A MOTHER today told of the heartbreaking moment she agreed to let her teenage son die after he fell victim to booze-fuelled street violence.
Thomas Walker was savagely attacked in St Annes by two drunken 15-year-olds.
He was left fighting for his life and given only a one per cent chance of recovery after suffering "catastrophic" head injuries when he was punched to the ground and bludgeoned with his own crutch.
Thomas, 19, miraculously survived, but only after surgery to remove part of his brain.
In an exclusive interview, his mother Helen Howe described how her knees buckled beneath her and she was physically sick when she arrived at the hospital immediately after the attack and was told of her son's chances of survival.
She was then presented with a terrible decision.
Mrs Howe, a 44-year-old nurse, said: "They told us the only option was to remove part of his brain.
"There was no guarantee he would survive, but if he didn't have the operation he would be dead in two hours.
"They told us it would affect his personality and he may suffer some physical disability.
"I told them Tom wouldn't want to be left in that condition so the whole family agreed not to go ahead with the operation.
"We then left the waiting room to go and sit with him while he died.
"My other son was hysterical and I had to be firm and tell him that Tom was going to die and we were going to sit with him."
Mrs Howe recalled how the medical team persuaded her to let them try to save Thomas's life.
"All the surgery team came to see us and begged us to let them do the operation to give him one more chance to survive," she said.
"They felt he was young enough and had a one per cent chance to recover. I didn't want to take the responsibility so we told them to go ahead."
Mrs Howe, together with her husband Darren, Thomas's father Simon Walker and his two brothers Chris, 22, and Harry, 17, waited.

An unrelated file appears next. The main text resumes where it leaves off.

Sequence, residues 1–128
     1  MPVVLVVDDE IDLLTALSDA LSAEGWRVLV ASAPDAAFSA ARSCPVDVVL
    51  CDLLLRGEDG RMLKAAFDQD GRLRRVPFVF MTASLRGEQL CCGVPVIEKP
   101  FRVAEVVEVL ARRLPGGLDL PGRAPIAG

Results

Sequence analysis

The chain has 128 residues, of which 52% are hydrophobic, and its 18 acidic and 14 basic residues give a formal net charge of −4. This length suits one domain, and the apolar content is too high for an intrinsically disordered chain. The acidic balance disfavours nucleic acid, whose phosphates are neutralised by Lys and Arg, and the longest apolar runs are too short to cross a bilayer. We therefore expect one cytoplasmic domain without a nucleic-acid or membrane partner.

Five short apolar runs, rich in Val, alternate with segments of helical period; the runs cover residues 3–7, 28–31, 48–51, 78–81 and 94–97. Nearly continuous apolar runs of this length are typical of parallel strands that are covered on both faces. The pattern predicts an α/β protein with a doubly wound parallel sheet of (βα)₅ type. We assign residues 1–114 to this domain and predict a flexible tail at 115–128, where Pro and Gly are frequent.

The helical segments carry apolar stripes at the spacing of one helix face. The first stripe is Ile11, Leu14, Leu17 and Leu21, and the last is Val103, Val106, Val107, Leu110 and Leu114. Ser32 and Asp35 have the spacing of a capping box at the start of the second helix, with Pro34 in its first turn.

The operation proved to be a success. Although Thomas will be affected by the injuries for the rest of his life he is now back working part-time with the family decorating business and expects to resume college in September.
The teenager, who at the time was on crutches due to a broken leg, had been on a night out with friends on May 11 last year when he was attacked in St Annes Square.
The two young attackers, who were part of a big group who targeted Thomas and his friends, were sentenced for the attack at Burnley Crown Court on Thursday.
One admitted punching Mr Walker and hitting him with the crutch while the second admitted he had also thrown a punch.
The court heard how it was not possible to prove which blow led to Thomas hitting the ground, causing the injuries to his head.
Mrs Howe added: "Tom just wants to get on with his life now in private and wouldn't want me talking about how he's doing, so I won't.
"I'd just ask that people leave him alone to get on with it. He may look fine now, but with head injuries nothing is ever certain.
"I've gone through all the emotions from anger to sadness and despair, but I don't bear anybody any animosity.
"We all live in the same area and I'm sure their families have been through hell like we have."
The defendant who attacked Mr Walker with a crutch received two years' youth custody while his accomplice admitted causing actual bodily harm assault and is facing a year under a Youth Referral Order.
Neither boy, now both 16, can be named for legal reasons.